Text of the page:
These were some of the difficulties that the troops encountered. But the morale was high all the same. The people were very cheerful.
But the main reason why we got into this kind of situation was because of the overall assessment, which somehow was extremely faulty. Our perception of China was that it was a very benign country. It was an era of 'Hindi-Chini bhai bhai'. The political thought process in the country precluded the possibility of China as a real threat.
Consequently, the preparations to undertake such an operation were very tardy. There was a mismatch between our perception of the enemy and what the enemy actually did. That is the reason why we got into so many problems. Otherwise, we would have gone into this war with better preparations: built roads and so on. That is the reason we were caught on the wrong foot.
At a national level, we did not read the enemy's intentions properly. There are letters from Vallabhbhai Patel to the prime minister that are published that ratify all that I am saying: Mr Patel draws the attention of the government to the fact that the Chinese should not be underestimated. Their intentions are not as honourable as they appear. The nation should prepare for the worst. But unless you recognise that an adversary is an adversary, your preparations will never match the situation.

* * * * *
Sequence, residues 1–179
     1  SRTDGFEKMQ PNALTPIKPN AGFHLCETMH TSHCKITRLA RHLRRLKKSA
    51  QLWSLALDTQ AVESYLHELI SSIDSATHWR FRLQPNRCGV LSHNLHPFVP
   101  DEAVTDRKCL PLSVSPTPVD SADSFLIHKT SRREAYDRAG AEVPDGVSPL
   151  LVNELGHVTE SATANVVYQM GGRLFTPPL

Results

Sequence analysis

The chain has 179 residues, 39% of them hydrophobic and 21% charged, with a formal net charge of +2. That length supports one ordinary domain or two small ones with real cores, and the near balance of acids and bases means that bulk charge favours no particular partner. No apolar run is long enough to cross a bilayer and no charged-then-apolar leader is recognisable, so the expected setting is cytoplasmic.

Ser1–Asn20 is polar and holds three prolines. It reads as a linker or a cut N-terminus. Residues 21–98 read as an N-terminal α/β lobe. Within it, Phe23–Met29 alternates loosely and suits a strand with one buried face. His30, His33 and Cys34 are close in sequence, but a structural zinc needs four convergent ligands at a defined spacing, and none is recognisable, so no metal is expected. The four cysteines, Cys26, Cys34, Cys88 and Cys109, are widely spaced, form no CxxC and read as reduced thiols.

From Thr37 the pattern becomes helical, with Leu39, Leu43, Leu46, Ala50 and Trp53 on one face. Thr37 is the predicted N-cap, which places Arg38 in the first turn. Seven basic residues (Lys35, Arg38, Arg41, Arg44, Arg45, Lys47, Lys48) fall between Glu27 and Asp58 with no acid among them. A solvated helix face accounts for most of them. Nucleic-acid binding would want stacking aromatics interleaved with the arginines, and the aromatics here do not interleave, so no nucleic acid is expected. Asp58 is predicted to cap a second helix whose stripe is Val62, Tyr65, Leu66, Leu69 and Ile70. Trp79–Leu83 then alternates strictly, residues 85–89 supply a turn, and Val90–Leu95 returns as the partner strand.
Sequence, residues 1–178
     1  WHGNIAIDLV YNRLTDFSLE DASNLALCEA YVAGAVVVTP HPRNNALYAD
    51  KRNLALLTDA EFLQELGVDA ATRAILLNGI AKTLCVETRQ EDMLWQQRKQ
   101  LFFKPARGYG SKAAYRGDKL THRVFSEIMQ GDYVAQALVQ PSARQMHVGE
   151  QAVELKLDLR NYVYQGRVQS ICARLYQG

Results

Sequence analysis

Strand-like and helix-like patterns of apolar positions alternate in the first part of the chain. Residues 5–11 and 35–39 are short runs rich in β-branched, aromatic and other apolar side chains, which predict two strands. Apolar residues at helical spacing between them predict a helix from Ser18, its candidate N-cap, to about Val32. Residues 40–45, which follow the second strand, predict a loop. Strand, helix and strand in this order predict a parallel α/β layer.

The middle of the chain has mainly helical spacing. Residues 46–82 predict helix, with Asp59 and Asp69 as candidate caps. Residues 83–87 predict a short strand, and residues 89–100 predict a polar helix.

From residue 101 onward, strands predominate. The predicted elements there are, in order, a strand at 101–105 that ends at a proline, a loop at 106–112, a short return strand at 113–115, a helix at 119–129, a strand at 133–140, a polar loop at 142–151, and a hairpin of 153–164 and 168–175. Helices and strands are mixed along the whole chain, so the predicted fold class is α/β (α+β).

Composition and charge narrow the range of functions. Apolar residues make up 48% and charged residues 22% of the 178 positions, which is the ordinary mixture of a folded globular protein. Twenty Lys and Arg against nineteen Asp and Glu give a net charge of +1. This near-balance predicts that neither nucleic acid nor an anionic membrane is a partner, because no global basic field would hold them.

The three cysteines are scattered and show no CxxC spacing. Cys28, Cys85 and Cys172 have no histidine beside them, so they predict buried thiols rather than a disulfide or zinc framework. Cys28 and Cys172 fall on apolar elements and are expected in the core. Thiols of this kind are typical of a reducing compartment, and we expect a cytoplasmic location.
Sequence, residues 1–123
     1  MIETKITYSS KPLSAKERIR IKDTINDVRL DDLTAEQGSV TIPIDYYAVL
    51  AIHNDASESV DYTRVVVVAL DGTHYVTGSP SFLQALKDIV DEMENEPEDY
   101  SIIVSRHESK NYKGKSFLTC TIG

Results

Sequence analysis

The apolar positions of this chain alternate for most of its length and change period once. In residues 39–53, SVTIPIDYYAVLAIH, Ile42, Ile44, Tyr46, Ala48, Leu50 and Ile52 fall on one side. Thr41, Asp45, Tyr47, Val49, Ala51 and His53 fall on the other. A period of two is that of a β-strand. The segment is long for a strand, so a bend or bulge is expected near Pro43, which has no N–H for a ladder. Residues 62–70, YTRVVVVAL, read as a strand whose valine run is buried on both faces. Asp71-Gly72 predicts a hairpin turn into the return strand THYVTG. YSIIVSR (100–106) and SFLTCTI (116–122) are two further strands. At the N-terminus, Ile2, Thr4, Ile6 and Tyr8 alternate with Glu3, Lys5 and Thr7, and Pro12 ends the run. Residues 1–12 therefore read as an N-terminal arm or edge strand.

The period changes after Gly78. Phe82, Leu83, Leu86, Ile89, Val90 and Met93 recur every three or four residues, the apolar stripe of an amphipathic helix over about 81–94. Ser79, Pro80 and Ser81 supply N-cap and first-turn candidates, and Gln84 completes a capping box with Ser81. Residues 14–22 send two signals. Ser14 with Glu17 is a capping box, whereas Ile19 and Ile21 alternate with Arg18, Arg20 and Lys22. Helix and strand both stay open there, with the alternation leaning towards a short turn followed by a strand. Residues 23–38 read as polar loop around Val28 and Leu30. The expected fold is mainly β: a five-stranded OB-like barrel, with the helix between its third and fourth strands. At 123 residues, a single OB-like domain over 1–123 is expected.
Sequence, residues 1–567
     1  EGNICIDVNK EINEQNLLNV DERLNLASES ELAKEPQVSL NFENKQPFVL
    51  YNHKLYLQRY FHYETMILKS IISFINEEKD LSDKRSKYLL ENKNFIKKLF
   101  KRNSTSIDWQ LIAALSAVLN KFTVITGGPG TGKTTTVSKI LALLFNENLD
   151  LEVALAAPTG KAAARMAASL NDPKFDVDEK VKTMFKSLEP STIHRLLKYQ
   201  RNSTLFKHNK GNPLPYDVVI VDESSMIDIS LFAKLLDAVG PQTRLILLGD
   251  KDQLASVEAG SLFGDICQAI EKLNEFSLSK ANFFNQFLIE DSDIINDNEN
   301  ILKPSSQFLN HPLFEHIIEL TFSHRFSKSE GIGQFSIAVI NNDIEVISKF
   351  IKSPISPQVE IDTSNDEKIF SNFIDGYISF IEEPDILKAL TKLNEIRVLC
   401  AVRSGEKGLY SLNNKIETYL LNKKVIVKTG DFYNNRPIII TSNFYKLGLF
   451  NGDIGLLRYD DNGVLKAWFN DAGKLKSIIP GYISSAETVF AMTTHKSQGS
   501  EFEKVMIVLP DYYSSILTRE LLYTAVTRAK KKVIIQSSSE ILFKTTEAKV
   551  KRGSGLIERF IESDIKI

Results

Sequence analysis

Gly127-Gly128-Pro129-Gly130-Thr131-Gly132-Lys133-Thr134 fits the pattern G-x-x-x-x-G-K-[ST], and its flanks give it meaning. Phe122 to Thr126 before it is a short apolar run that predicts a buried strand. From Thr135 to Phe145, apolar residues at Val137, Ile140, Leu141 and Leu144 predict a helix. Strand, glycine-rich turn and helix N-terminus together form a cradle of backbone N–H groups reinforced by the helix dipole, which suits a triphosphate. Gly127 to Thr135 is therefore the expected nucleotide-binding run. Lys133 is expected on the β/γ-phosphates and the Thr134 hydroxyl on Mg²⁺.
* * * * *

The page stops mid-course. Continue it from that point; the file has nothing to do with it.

The other thing is that we were deployed in a fashion that could be criticised severely, from a military point of view. Our principle always is that you must occupy heights so that the enemy who wants to attack you climbs up to you, and then you have the advantage of height when you want to deal with him. But here, we were deployed along a nullah or river, so that our attackers got the advantage over us. He could come behind us and on top of us.
This happened because of the belief that the line we occupied was not a defensive line; it was just a political line temporarily to establish our claim to what we are holding. So, there again, we were not very realistic. When our battalion was attacked, we were not only on low ground, but also facing the enemy here with the attack coming from behind.
As far as China's plans went, we saw the Chinese hand first when this post was established at Dola sometime in September 1962. It is now very clear that the Chinese intended for some time to launch an operation into India in the Tawang sector. The preparations started some time in 1960, two whole years before the actual war. It started with the gradual building of roads quite close to the border. This dispute was a godsend to them. If our post had not been established where it was, I am sure China would have found some other excuse to carry out the operation that they did.